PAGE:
BACKGROUND/AIMS: A photostress recovery test was designed to differentiate macular diseases from optic nerve disorders, but recently an abnormal recovery time was reported in glaucoma. The purpose of this study was to search for the difference in abnormality of the photostress recovery test between glaucoma and idiopathic central serous chorioretinopathy (ICSC). METHODS: This study involved 21 normal subjects, 14 patients, with ICSC and 10 patients with primary open angle glaucoma (POAG). A scanning laser ophthalmoscope (SLO) was used with microperimetry for bleaching the test point and measuring the recovery of sensitivity. Photostress recovery time (SLO-PSRT) could be measured at extrafoveal points outside and inside the affected area. The initial sensitivity change and the time constant of recovery after bleaching were calculated by fitting an exponential equation to the data. RESULTS: In normal subjects, neither the initial sensitivity change nor the time constant were correlated with the location of the test point. In 14 patients with ICSC, the initial sensitivity change in the detached area was significantly smaller than that in the unaffected area which was not significantly different from that in the age matched normal subjects. The time constant in the detached area was significantly longer than that in the unaffected area, which was not significantly different from that in the normal subjects. In 10 patients with POAG, the initial sensitivity change inside and outside the scotoma was not significantly different from that of age matched normal subjects. The time constant inside the scotoma was significantly longer than that outside the scotoma, which was not significantly different from that of the age matched normal subjects. CONCLUSION: Both ICSC and POAG showed a prolonged time constant of recovery, but the initial sensitivity change was reduced only in ICSC. The difference in our results between ICSC and POAG may be caused by the difference of the retinal pathology. Further, the SLO-PSRT is very useful when the lesion is located outside the fovea.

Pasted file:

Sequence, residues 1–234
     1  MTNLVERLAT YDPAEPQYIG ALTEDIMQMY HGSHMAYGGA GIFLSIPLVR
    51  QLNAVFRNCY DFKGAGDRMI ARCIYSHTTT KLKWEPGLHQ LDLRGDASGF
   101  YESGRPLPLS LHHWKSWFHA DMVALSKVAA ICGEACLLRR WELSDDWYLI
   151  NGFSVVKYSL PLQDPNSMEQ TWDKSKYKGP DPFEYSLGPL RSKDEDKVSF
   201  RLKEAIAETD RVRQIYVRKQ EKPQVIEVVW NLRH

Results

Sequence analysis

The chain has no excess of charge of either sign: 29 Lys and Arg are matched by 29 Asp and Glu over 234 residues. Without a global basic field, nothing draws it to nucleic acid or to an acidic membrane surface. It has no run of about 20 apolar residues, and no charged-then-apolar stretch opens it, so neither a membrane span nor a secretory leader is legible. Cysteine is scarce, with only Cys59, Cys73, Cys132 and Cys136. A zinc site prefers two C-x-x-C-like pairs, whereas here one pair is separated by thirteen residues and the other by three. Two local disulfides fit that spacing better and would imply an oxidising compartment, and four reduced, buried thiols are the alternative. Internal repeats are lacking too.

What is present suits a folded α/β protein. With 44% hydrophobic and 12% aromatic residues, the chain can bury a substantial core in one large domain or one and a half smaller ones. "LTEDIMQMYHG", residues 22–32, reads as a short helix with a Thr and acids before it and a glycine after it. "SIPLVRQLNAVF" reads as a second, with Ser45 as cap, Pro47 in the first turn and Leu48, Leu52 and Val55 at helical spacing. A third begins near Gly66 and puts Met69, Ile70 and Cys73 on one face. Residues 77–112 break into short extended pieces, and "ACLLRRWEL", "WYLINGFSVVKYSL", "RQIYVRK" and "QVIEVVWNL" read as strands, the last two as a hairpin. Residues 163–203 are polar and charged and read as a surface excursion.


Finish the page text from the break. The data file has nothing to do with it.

Yang, C. M. and C. P. Lin (1998). "Bullous retinal detachment in a patient with central serous chorioretinopathy." J Formos Med Assoc 97(10): 711-4.